GRIFFITHS, M.D., 2001. PhD teleworking. Psy-PAG Quarterly, 40, pp. 25-29.
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Amongst some bosses there appears to be a mentality that if you are not in the office then you can’t be working. I suspect that this attitude comes from how they themselves operate if they are not in the office. Maybe their attitude towards teleworking says more about their own working practices than anything else. Thankfully, attitudes appear to be changing. There has been steep rise in the number of people who engage in 'teleworking' (i.e., people working from home). Teleworking is no longer the sole domain of the self-employed or low-paid outworkers. Many jobs do not lend themselves to working from home, however, academia is one profession that working from home can bring great dividends. Many people love the thought of a day at home working without gossiping colleagues, non-essential meetings, and constant interruptions. This may also be very attractive to those working on a PhD! Surveys have shown that teleworkers are 60% more efficient when compared to their officebased counterparts (Lawrence, 1999). One in twenty people in the UK now work at least one day a week from home (Welch, 1999a; Lawrence, 1999) and save themselves an average of two hours commuting time (Welch, 1999b). According to the Henley Centre, more than 50% of the workforce will be working from home by 2010 (Cook, 1999).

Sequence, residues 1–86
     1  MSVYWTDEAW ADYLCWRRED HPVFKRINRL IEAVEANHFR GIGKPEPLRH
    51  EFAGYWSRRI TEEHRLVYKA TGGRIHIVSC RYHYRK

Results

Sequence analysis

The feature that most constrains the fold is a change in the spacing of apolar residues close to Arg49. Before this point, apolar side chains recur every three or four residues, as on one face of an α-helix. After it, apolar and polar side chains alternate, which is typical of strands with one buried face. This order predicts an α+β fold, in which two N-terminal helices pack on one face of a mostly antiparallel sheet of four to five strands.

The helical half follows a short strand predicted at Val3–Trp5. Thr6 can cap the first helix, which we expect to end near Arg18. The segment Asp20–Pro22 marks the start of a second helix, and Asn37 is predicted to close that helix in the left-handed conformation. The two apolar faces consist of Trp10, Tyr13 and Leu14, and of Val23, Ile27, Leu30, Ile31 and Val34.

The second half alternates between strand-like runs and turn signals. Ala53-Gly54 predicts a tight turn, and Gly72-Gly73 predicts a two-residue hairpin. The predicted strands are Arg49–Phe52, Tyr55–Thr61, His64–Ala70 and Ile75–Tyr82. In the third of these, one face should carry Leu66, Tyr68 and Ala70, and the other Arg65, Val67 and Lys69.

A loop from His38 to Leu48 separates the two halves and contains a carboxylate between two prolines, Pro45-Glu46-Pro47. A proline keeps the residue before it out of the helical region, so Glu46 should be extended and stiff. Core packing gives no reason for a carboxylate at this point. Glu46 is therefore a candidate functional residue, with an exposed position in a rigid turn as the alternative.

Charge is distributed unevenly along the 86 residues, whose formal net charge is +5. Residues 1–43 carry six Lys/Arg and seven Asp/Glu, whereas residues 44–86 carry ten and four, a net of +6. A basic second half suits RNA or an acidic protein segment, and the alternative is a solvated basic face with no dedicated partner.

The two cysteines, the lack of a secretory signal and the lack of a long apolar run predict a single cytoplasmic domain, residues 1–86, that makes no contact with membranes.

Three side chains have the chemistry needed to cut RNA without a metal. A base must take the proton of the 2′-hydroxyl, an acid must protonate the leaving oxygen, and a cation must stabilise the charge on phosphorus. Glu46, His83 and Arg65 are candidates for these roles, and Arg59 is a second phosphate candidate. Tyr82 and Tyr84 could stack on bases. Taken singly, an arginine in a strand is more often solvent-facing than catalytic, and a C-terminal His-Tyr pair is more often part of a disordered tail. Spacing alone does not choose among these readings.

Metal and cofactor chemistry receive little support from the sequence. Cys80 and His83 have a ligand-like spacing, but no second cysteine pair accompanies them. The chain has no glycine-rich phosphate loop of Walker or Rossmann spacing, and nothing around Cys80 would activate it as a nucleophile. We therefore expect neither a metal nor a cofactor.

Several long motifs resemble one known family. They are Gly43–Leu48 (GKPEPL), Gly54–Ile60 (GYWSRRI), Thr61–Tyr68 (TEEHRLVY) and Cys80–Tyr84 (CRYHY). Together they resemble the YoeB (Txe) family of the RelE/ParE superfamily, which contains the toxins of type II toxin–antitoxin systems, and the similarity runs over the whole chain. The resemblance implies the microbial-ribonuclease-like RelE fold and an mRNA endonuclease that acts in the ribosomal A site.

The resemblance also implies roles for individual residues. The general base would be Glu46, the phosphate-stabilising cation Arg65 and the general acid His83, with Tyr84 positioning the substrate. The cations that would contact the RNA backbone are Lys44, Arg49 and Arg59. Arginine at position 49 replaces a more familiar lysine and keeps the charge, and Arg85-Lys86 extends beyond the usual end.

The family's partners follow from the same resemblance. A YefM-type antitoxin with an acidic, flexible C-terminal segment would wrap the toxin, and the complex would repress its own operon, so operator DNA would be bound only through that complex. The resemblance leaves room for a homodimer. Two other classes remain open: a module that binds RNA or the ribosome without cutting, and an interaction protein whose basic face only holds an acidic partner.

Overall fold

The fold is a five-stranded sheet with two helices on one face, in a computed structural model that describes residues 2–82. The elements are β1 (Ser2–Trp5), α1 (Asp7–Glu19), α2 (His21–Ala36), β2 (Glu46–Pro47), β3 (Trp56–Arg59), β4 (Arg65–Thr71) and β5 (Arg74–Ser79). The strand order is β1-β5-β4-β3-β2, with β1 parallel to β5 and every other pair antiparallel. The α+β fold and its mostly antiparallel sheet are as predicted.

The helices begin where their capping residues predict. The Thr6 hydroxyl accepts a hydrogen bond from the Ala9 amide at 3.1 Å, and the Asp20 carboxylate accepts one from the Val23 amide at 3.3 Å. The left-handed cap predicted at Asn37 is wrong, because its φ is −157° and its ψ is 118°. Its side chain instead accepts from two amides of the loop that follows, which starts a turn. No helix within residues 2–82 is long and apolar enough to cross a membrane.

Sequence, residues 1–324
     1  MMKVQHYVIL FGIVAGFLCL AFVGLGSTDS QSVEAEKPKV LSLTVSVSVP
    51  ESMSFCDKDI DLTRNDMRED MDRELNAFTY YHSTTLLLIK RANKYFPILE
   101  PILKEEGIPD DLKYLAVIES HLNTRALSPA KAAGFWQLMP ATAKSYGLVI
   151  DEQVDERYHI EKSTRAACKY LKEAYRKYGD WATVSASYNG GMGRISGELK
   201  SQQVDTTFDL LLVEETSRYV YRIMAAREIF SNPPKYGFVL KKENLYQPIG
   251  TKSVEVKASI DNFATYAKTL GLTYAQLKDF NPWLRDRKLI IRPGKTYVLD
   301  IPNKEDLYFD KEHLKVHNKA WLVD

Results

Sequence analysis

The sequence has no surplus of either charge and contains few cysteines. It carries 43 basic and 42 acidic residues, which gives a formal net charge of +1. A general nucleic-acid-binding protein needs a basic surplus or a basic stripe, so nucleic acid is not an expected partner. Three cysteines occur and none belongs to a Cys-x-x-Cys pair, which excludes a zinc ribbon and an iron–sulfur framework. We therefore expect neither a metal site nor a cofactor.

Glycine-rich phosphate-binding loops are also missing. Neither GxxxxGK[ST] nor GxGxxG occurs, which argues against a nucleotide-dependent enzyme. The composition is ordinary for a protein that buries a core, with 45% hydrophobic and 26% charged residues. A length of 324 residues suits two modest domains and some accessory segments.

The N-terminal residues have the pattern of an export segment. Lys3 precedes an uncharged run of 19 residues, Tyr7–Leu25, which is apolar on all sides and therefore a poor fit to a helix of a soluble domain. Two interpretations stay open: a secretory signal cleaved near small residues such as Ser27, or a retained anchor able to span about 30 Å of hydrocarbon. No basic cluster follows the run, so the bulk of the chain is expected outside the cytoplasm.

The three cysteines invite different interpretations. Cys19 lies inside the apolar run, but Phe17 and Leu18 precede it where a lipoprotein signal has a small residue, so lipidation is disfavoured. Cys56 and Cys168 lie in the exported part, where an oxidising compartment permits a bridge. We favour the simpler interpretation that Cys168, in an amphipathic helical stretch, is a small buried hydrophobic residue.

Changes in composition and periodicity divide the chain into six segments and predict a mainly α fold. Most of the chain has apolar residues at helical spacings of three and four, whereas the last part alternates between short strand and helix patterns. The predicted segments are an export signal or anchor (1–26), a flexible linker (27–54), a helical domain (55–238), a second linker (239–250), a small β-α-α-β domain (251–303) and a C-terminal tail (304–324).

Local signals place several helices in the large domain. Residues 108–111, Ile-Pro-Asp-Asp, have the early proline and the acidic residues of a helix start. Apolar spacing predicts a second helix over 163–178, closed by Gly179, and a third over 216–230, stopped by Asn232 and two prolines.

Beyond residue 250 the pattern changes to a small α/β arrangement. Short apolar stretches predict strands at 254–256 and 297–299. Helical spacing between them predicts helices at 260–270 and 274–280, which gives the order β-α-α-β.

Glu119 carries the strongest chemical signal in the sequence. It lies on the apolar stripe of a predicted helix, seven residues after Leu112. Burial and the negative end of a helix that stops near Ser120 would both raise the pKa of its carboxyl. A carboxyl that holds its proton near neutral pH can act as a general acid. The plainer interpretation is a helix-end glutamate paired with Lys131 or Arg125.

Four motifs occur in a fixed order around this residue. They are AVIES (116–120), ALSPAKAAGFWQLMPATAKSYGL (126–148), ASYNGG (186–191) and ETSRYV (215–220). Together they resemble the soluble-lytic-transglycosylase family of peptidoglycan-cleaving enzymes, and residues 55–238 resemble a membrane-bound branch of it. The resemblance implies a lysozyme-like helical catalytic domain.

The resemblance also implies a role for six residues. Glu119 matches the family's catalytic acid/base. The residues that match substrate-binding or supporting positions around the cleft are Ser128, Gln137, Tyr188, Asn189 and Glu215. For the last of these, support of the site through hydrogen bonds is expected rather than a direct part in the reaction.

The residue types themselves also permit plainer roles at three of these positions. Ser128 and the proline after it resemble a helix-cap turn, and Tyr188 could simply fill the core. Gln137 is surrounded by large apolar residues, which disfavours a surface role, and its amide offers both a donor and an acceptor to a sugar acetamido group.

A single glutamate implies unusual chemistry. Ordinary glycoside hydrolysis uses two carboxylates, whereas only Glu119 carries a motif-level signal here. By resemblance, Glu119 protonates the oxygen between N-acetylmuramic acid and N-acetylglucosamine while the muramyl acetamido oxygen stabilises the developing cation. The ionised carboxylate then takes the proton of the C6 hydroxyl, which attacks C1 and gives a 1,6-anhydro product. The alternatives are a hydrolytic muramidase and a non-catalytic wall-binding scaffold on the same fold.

|Item Type:||Journal article|
|Publication Title:||Psy-PAG Quarterly|
|Publisher:||PsyPAG: Psychology Postgraduate Affairs Group|
|Rights:||© 2001 PsyPAG: Psychology Postgraduate Affairs Group|
|Divisions:||Schools > School of Social Sciences|
|Depositing User:||EPrints Services|
|Date Added:||09 Oct 2015 10:28|
|Last Modified:||12 Oct 2015 12:36|
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